"Social circumstances and inequality are starting to become more prominent in the debate about whether we would be better in an independent Scotland or not," says Bruce Whyte, who runs the public health programme at the Glasgow Centre for Population Health. "But there are more immediate issues for a lot of Glaswegians" than voting on independence, he says.
The UK was formed by the Acts of Union in 1707. The prime minister's Conservative-led government, backed by the opposition Labour Party, says Scotland is better off being a part of that larger country, whose economy just had its best year of growth since 2007.
The Scottish National Party, which runs the semi-autonomous government in Edinburgh, says it's time to move on.
Party leader Alex Salmond wants to use North Sea energy resources to help maintain services and social spending, saying Scotland should have control over its own finances and be able to make decisions such as getting rid of nuclear weapons.
Scotland would have a £150 billion (HK$1.9 trillion) economy, when it includes a geographical share of North Sea oil. Salmond's government forecasts a budget deficit of no more than 3.2 per cent of output in the first year of Scotland getting full autonomy.
The Scottish public is still "taken in" by an illusion of empire and the notion that being British means having influence, says Mason, a lawmaker in the Scottish Parliament in Edinburgh, which has powers over health, education, justice and transport.
How Scottish voters respond to the question to be put in the referendum - "Should Scotland be an independent country?" - may depend on how British they feel, says Curtice at Strathclyde. That means testing the loyalties both political and national of the people in Glasgow and across Scotland.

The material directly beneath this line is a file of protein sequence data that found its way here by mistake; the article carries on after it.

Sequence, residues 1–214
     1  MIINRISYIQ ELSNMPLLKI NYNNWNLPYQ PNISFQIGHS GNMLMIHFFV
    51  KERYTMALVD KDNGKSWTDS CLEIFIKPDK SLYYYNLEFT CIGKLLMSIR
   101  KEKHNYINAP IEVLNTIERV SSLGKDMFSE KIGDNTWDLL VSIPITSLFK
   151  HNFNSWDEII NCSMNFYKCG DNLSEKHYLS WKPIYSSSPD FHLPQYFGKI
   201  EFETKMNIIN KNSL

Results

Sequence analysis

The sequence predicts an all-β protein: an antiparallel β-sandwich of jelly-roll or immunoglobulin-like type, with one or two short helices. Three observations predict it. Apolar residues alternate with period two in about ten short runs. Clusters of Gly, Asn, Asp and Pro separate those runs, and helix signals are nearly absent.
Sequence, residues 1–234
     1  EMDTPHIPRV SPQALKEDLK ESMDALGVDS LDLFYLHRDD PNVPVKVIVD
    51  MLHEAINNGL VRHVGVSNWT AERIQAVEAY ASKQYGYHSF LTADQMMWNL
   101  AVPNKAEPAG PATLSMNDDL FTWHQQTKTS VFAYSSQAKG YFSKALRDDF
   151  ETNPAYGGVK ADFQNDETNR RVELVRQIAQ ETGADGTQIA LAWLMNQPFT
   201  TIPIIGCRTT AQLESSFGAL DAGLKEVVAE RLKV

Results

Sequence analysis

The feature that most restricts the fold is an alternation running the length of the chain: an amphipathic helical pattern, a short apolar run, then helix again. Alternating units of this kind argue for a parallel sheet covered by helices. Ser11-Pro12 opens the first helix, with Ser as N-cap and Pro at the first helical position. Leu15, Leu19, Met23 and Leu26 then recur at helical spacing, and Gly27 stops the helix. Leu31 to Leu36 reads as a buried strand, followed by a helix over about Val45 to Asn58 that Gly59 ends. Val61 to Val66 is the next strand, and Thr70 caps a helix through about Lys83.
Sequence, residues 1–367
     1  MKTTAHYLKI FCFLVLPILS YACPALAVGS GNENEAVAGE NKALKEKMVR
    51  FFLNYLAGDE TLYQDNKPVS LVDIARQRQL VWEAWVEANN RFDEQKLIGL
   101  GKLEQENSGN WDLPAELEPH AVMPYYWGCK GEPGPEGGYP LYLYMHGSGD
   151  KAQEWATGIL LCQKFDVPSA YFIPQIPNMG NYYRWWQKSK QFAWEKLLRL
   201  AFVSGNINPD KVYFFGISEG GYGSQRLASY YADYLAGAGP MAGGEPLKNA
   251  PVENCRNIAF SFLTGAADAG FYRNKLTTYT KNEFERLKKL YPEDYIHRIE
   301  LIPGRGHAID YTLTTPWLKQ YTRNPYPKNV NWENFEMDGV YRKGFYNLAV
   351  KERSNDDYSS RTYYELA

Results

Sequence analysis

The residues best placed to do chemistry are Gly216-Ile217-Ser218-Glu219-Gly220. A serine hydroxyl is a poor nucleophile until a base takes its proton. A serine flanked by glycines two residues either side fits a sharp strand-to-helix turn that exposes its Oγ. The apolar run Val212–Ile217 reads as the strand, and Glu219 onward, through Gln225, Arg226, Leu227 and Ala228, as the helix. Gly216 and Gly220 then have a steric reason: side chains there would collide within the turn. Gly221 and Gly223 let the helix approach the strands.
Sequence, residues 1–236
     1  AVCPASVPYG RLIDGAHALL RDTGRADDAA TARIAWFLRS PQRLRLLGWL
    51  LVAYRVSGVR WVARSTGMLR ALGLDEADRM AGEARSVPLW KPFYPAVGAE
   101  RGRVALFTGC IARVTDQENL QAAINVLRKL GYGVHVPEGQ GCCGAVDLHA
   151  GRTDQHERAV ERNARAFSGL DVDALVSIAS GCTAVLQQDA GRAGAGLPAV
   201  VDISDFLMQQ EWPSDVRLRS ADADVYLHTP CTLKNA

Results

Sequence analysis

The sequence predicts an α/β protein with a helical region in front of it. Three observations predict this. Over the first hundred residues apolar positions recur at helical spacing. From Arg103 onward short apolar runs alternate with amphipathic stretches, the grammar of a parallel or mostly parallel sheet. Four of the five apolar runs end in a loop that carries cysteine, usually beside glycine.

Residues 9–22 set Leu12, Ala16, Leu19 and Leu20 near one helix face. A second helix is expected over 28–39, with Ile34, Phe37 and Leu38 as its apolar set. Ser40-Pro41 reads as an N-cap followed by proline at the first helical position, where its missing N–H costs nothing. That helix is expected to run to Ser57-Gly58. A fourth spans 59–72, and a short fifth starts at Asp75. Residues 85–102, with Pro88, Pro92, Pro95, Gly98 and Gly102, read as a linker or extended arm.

"This is a campaign for the 'no' side to lose and it needs the 'yes' side to fight a brilliant campaign," Curtice says. "If all the ducks line up they might just get it. But if they do, it's going to be a nation in shock."
A city of contrasts, Glasgow has a history of political radicalism rooted in workers' rights. The Labour Party's founder, Keir Hardie, was a socialist Scot whose father worked at the Glasgow shipyards. Labour won control of Glasgow's municipal government in 1933 and has held it almost continuously ever since.
Of Glasgow's seven Westminster lawmakers, all are Labour members, and all toe the party line opposing independence.
Not all the party's supporters agree. On a Thursday evening in Glasgow last month, more than 200 people crammed into the hall of a former Victorian school for an event organised by a group called Labour for Independence.
"We have to make this debate as broad as we can because without Labour we will not win this," said Elaine Smith, a comedy actress turned campaigner who chaired the meeting. "This is about us, a vote for our future."
So it was no accident that the Scottish government opted for Glasgow as the setting to unveil its blueprint for independence, a 650-page document covering everything from the pound and budget deficit to passports and broadcasting.
SNP leader Salmond staged the event in November in the city's science centre.
There, as a fine Scottish rain drifted down around the cranes that represent the last remnants of shipbuilding, he spoke of the birth of a new European state by March 24, 2016. The referendum is a once-in-a-lifetime opportunity, a "common-sense proposition", he said.
The decision lies with how Glaswegians reconcile their imperial past with their constitutional future.
When it was time to build the British Empire, the people of Glasgow "helped kick the whole thing off", says Matt Qvortrup, a researcher at Cranfield University in England who specialises in referendums. "Now they get to see if they read it its last rites."